Six Tips for Shopping Across the US Border

Countless Canadians cross into the US to take advantage of the lower prices and the benefits of a strong Canadian dollar. Some folks even cross over to the US to do their grocery shopping, as duty-free limits have gone up considerably over the years, now allowing up to $200 worth of merchandise to cross the border after a meager 24-hour stay.

There are plenty of other reasons to shop in the US, including the chance to peruse a diversity of products you just can’t get at home.

All advantages aside, many Canadians are wary of making the journey, and we want to help! Here are a few tips to help you make your shopping experience a winner:

1)      Shop carefully – Many products are labeled differently in the US versus their local counterparts. You will even discover that the ingredients of certain products are different than their equivalent product that you’re accustomed to. It’s always wise to read the labels when you’re shopping in the US to avoid confusion later on.

2)      Know the rules – There are some things that you can’t bring across the border, and the list is extensive enough to be a bit perplexing. You should consult with sites such as the Canada Border Services Agency to avoid problems. When in doubt, just show the guard what you bought and ask if it’s okay to bring over. If you’re forthcoming, you’ll get a straight answer (and if it’s not permitted, it will be confiscated, but you won’t get into trouble!)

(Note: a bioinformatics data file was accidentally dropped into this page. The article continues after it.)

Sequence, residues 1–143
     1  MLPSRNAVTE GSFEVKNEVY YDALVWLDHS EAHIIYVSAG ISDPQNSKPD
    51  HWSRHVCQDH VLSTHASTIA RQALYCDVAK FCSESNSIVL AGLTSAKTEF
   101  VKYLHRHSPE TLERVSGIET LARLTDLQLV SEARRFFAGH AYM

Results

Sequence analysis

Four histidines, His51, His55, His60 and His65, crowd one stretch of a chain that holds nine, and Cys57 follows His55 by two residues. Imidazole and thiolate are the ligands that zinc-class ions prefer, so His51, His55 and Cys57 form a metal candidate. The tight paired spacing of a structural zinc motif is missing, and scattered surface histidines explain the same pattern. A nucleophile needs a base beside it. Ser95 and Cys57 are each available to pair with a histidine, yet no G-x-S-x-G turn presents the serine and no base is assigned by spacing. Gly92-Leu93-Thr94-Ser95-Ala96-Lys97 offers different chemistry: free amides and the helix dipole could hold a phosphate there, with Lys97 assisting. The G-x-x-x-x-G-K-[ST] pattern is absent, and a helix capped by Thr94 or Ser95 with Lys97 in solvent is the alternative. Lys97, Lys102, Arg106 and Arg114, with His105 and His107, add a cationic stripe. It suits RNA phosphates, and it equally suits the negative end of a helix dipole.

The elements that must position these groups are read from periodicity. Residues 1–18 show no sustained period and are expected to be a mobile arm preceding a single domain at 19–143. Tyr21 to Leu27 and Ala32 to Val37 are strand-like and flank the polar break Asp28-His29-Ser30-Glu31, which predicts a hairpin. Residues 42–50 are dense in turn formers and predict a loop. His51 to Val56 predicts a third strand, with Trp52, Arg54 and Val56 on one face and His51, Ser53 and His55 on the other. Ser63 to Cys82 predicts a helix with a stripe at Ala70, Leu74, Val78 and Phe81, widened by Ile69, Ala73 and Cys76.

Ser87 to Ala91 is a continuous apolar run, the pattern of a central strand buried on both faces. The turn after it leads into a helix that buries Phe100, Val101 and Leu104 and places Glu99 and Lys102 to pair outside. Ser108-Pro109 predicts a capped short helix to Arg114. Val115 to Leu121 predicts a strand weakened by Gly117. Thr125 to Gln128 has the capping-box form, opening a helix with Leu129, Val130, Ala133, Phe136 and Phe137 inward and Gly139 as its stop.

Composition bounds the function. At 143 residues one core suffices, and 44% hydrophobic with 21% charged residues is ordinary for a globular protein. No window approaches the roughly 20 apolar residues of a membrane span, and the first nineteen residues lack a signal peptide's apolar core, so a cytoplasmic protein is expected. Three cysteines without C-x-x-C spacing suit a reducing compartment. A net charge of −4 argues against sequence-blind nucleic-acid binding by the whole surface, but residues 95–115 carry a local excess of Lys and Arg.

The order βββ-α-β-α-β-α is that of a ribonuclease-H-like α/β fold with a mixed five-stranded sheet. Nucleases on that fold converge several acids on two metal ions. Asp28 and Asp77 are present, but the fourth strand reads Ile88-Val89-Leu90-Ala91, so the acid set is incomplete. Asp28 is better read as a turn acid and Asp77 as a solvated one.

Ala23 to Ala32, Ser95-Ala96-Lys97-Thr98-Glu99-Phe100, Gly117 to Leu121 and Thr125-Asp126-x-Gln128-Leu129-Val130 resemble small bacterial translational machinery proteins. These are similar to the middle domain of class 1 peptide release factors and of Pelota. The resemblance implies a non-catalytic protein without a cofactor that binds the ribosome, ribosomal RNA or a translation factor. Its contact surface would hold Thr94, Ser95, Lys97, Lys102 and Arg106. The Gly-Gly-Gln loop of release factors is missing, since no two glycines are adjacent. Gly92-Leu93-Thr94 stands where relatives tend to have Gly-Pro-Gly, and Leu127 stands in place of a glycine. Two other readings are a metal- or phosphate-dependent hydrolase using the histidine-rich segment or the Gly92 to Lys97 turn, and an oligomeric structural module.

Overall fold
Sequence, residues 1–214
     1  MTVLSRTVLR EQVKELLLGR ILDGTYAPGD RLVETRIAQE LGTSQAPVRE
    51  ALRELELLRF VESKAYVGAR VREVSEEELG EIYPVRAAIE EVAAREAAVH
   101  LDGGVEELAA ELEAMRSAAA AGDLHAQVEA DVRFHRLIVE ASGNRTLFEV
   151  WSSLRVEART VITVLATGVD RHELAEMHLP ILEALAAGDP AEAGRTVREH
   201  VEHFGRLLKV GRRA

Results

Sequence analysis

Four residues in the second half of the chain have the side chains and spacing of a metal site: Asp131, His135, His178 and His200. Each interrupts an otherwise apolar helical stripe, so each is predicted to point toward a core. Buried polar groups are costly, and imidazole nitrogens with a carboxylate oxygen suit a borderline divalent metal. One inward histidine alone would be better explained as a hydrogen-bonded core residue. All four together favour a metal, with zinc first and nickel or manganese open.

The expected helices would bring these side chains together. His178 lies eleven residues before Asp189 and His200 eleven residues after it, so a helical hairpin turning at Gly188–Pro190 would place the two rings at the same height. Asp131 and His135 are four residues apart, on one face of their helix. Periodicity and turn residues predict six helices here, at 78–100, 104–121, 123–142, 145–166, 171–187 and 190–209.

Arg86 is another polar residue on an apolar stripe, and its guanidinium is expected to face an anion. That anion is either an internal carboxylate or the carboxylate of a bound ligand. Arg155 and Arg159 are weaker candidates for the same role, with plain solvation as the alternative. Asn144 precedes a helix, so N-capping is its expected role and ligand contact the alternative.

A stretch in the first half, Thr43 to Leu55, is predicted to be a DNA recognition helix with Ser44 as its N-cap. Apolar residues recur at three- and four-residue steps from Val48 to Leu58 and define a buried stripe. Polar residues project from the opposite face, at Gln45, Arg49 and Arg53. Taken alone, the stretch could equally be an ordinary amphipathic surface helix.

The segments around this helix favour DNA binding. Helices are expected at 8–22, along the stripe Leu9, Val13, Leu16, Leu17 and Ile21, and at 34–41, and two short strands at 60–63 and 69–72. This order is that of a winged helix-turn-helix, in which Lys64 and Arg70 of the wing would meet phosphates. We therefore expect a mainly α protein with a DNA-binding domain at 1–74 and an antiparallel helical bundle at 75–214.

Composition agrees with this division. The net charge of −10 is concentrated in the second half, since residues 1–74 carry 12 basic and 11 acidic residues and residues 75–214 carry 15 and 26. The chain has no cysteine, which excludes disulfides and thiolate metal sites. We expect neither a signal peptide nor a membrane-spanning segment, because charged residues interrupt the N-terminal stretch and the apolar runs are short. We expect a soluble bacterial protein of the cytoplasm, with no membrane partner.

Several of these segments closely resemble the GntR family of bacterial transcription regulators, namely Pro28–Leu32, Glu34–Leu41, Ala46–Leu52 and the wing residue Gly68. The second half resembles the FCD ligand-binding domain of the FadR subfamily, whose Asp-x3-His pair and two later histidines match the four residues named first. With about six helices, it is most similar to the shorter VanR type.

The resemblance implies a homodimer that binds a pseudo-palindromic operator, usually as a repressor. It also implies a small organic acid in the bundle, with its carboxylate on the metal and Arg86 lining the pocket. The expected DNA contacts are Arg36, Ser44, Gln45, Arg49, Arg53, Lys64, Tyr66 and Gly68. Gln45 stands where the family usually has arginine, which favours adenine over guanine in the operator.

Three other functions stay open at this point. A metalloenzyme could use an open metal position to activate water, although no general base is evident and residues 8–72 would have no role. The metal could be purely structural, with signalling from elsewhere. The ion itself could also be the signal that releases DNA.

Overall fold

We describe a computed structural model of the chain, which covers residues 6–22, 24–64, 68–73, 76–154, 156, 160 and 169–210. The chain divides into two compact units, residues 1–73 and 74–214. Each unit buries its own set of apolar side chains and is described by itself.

3)      Don’t leave your integrity at home – This probably goes without saying, but you shouldn’t try to sneak goods back into the country. Trying to trick the border guards is a surefire way to end up with fines!

4)      Prepare! – It’s a good idea to head over to the US with a shopping list. This way, you won’t be tempted to overspend…or exceed your duty-free limit. Bring a cooler if you plan on buying perishable goods, and keep your passport and receipts handy when you cross the border.

5)      Know what’s cheaper at home – Some things aren’t cheaper in the US, so buying them on your trip is pretty much a waste of money and time. Be sure you’re putting those limits – and your money – to good use by checking prices ahead of time.

6)      Obtain a USD credit card – There are complicated ways of avoiding currency exchange fees (most of which involve opening bank accounts in the US) but there’s also a much simpler solution. A good USD credit card will save you from the exchange rates, as well as heavy fees imposed by standard Canadian credit cards. We highly recommend the Scotiabank US Dollar Visa, as it eliminates all of those conversion fees for a modest annual cardholder fee.